other date field, and for switch values which are neither, I need to return a blank.

Well, I can't put a blank string or a null in a date type variable, so I
made my function return a variant.
That looked great in Access, but when I dumped it into Excel, I found that the entries behaved (in further formulas) as if they were strings, not
dates.

Nov 13 '05 #3

P: n/a
While you can make a Date field in a table Null, you cannot make a Date
variable Null. The only variable type than can hold a Null value is a
Variant.

Try:

Public Function TheRightDate(A as Date, B as Date, C as Integer) as Variant
Dim TRD as Variant
Select case C
case 1,3,5
TRD=A
case 2,4,6
TRD=B
case else
TRD=Null
End Select
TheRightDate=TRD
End Function
--
Doug Steele, Microsoft Access MVP
http://I.Am/DougSteele
(no e-mails, please!)

"MacDermott" <ma********@nospam.com> wrote in message
news:Qa*****************@newsread2.news.atl.earthl ink.net...
Yes, I can put a null in a date/time column, but I get a type mismatch if I try to put one in a date-type variable.

This code throws an error on the line marked ******

Public Function TheRightDate(A as Date, B as Date, C as Integer) as Date
Dim TRD as Date
Select case C
case 1,3,5
TRD=A
case 2,4,6
TRD=B
case else
TRD=Null ********
End Select
TheRightDate=TRD
End Function

"MGFoster" <me@privacy.com> wrote in message
news:H9****************@newsread3.news.pas.earthli nk.net...
-----BEGIN PGP SIGNED MESSAGE-----
Hash: SHA1

Sure you can put a NULL in a DateTime column. Its probably that dang
Excel.

If the NULL is in the first row exported to Excel, Excel may "think" it
is an empty string & format the values in that column as Text data type.

Idea: You might use a Default date in place of the NULL - something
like Dec 31, 1899; then, in further formulas, but a conditional that
ignores the default date.

--
MGFoster:::mgf00 <at> earthlink <decimal-point> net
Oakland, CA (USA)

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Version: PGP for Personal Privacy 5.0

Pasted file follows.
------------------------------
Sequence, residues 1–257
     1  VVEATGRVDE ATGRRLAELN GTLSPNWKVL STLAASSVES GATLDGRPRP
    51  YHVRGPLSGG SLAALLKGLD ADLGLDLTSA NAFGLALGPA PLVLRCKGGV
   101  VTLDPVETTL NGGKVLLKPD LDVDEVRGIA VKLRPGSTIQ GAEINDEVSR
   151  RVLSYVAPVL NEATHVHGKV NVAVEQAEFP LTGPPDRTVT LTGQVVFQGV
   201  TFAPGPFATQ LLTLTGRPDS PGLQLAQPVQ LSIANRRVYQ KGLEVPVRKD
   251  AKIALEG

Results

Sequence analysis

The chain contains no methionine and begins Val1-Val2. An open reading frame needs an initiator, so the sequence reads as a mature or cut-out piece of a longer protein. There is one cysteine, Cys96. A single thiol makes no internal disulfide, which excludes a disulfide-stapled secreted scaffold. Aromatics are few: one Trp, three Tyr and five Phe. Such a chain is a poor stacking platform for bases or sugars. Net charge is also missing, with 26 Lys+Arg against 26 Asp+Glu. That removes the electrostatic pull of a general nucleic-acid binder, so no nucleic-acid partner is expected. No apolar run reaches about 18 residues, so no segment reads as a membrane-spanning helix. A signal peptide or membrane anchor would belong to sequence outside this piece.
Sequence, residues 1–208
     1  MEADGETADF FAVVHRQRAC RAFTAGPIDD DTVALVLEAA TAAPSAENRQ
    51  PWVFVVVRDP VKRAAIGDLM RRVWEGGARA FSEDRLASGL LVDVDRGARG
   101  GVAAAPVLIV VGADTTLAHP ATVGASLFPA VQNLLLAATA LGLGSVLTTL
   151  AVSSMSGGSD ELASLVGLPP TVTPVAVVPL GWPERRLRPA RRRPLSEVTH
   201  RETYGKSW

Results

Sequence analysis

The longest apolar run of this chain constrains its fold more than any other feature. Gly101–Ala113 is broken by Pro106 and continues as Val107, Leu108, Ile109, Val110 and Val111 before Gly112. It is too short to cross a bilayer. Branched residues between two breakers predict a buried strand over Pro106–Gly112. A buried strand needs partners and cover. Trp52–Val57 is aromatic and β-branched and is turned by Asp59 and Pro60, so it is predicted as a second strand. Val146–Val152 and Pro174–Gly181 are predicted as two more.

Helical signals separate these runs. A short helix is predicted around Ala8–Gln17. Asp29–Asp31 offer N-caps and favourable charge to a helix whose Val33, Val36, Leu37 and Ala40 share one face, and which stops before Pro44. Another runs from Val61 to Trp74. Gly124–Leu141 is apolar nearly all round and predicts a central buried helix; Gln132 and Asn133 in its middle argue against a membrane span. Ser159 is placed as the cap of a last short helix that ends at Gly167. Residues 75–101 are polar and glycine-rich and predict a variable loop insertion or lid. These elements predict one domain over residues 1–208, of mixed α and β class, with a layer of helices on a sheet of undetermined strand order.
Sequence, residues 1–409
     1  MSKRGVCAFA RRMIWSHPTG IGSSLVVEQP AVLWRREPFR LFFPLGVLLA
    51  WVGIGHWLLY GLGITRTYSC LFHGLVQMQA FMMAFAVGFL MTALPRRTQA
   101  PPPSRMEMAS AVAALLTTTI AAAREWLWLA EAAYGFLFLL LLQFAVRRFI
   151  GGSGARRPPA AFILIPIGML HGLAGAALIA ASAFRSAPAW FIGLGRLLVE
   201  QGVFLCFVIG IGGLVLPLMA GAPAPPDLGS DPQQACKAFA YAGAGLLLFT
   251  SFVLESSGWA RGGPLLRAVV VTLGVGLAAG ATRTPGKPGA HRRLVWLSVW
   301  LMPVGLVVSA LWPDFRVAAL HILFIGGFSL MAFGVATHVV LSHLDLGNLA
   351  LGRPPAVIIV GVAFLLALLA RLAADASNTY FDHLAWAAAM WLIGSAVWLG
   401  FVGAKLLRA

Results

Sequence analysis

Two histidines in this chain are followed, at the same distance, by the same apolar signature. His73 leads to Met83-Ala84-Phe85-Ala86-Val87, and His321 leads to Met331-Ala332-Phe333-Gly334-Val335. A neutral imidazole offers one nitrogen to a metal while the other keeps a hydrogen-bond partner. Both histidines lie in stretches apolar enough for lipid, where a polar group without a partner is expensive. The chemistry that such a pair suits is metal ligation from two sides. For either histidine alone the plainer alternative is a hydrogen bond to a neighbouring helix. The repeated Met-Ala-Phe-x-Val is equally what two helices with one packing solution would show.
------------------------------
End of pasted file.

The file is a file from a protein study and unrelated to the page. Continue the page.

Charset: noconv

iQA/AwUBQX6e8YechKqOuFEgEQLZqwCePYtuYFxgHzwEdgKrQNpMKh OD1ocAoP82
22JzikQPugJU+Iciq8iCLSFX
=z7Nu
-----END PGP SIGNATURE-----
MacDermott wrote:
I have a query, which gathers up information, which is subsequently dumped into an instance of Excel using recordsetcopy.

For one of the query fields, I have written what should be a pretty simple little function with three arguments, a switch (integer) and 2 date fields. For certain values of the switch, I use one date field, for others, the other date field, and for switch values which are neither, I need to return a blank.

Well, I can't put a blank string or a null in a date type variable, so I made my function return a variant.
That looked great in Access, but when I dumped it into Excel, I found that the entries behaved (in further formulas) as if they were strings, not
dates.



Nov 13 '05 #4

P: n/a
While you can make a Date field in a table Null, you cannot make a Date
variable Null. The only variable type than can hold a Null value is a
Variant.

Try:

Public Function TheRightDate(A as Date, B as Date, C as Integer) as Variant
Dim TRD as Variant
Select case C
case 1,3,5
TRD=A
case 2,4,6
TRD=B
case else
TRD=Null
End Select
TheRightDate=TRD
End Function
--
Doug Steele, Microsoft Access MVP
http://I.Am/DougSteele
(no e-mails, please!)

"MacDermott" <ma********@nospam.com> wrote in message
news:Qa*****************@newsread2.news.atl.earthl ink.net...
Yes, I can put a null in a date/time column, but I get a type mismatch if I try to put one in a date-type variable.

This code throws an error on the line marked ******

Public Function TheRightDate(A as Date, B as Date, C as Integer) as Date